10 Things We Want to See From Carrie Underwood's 'The Sound of Music Live!'
It's one of the most beloved musicals of all time, and Thursday night 1965's The Sound of Music is being reinvented for television. Julie Andrews will be swapped with American Idol alum Carrie Underwood, Captain von Trapp will be played by True Blood's Stephen Moyer (sink your teeth into that one), and the singing band of von Trapp kiddies will be crooning for three hours (albeit including commericals) on NBC. While the classic flick was due for a reboot, Underwood and her singing counterparts have some pretty giant shoes to fill. Will the made-for-TV special live up to the original? Here's 10 things we hope to see in Thursday's special.
1. The Quirky Nuns
Oh, how they judge Maria so. If Maria were a problem, how would the nuns solve her? How would they catch a wave upon the sand? With their worrisome chants and bobbing heads, we love these nuns just as much as the free-spirited Maria. And it is them of course, who save the von Trapp family from nazis in the end. (And no, I didn't think a "spoiler alert" was necessary, because if you haven't seen The Sound of Music by now, there's really nothing I can do for you).
2. Maria Running Through the Hills
It's the most iconic image from Roger and Hammerstein's 1960's film, an image encompassing the "Can't Be Tamed" essence of Maria, and the pure joy of imagination, daydreaming, and being in the great outdoors. How they will capture this during a live performance is unknown, but we hope they try. A wind machine, perhaps?
3. Sexual Tension Between Leisl and Rolf
He might be a Nazi, but we can play naive while Leisl and Rolf sing "16 Going on 17" together in the pouring rain. It's hard to deny the chemistry between these teenage love birds, and we only hope the live version will offer just as much chemistry (and perhaps some of those impressive bench leaps mid-song).
4. The Children's Roll Call
"I'm Kurt and I'm incorrigible!" is to this day one of my favorite non-sequitur shout outs. It's a scene which depicts the first time Maria will meet her soon-to-be children. It's the first time she proves that she is not like the other governesses. She treats the children like people instead of animals to be kept in cages, and she shows the children that she needs them just as much as they need her. D'aww.
5. The Children's Tricks
While we are one-thousand percent against the use of real, live animals for stage performances or any performances, we really do love the scene where Maria finds a frog in her pocket. But considering it's not the only trick the children use to scare off Maria, perhaps the live version should stick with her sitting on a pinecone and blaming her surprised outcry on "rheumatism."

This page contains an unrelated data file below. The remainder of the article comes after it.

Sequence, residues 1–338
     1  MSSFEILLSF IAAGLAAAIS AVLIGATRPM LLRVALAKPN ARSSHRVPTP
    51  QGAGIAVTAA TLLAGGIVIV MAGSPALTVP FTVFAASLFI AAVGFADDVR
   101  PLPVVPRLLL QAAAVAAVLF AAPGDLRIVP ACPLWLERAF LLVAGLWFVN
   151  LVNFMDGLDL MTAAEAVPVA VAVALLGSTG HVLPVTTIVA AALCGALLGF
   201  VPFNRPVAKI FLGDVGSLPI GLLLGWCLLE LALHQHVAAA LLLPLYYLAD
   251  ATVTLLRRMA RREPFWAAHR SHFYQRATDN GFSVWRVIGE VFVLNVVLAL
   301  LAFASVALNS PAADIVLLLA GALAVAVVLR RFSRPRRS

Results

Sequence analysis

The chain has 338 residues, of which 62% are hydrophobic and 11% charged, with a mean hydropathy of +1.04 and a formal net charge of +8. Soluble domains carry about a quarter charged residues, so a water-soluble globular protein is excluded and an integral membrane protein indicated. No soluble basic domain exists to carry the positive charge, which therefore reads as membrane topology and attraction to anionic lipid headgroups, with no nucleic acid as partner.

6. Matching Outfits Made of Curtains
The original queen of crafts, Maria used her old drapes to create "play clothes" (cue Capt. von T saying "What the f*ck are play clothes?") for the children. They look very much like drapes, with an odd greenish-yellow pattern, but the whole gang looks absolutely delightful running through the market throwing fruit, picnicing, and boating on the lake.
7. The intimate dance scene between Capt. and Maria
The attraction is building, but there's obstacles: She's the governess, and he's engaged. During a ball, Maria steps out of her house clothes and into a lady-like dress, and when the Capt. takes notice and asks her to dance, the longing is spoken through unblinking eye contact and dance. Here's hoping Underwood and Moyer have half that amount of chemistry on live television.
8. The Farewell song
The children's choreographed numbers are half the fun of The Sound of Music, especially ones involving a makeshift clock and cuckoo-ing owls. We can't wait to see how this scene will be interpreted in the live version, and who will carry little Gretl up the stairs.
9. Hiding in the Church
While the majority of the musical is fun and games, things take a serious turn when the von Trapps are hunted down by Nazis. Maria leads them to her old home, the church, where they attempt to hide among the tombs and sculptures in the dark, only to be confronted by Rolf. It's a scene that elicits a sense of fear for the family, the moment we think their newly perfect lives might come crashing down. How this will be adopted to a live version with a set is questionable, but we hope the TV version can provoke the same primal feelings.
10. Julie Andrews' Signature cropped cut
So we know from the promos that Carrie Underwood doesn't chop off her hair for this role, but I have to admit, it's sort of disappointing. From Charlize Theron to Jennifer Lawrence, this year has been abundant with women chopping their locks for the sake of a role or for the sake of fashion, and it would have been fun to see Underwood take the plunge for Maria. (But I suppose those Swedish looking crossed braids are pretty cute, too.)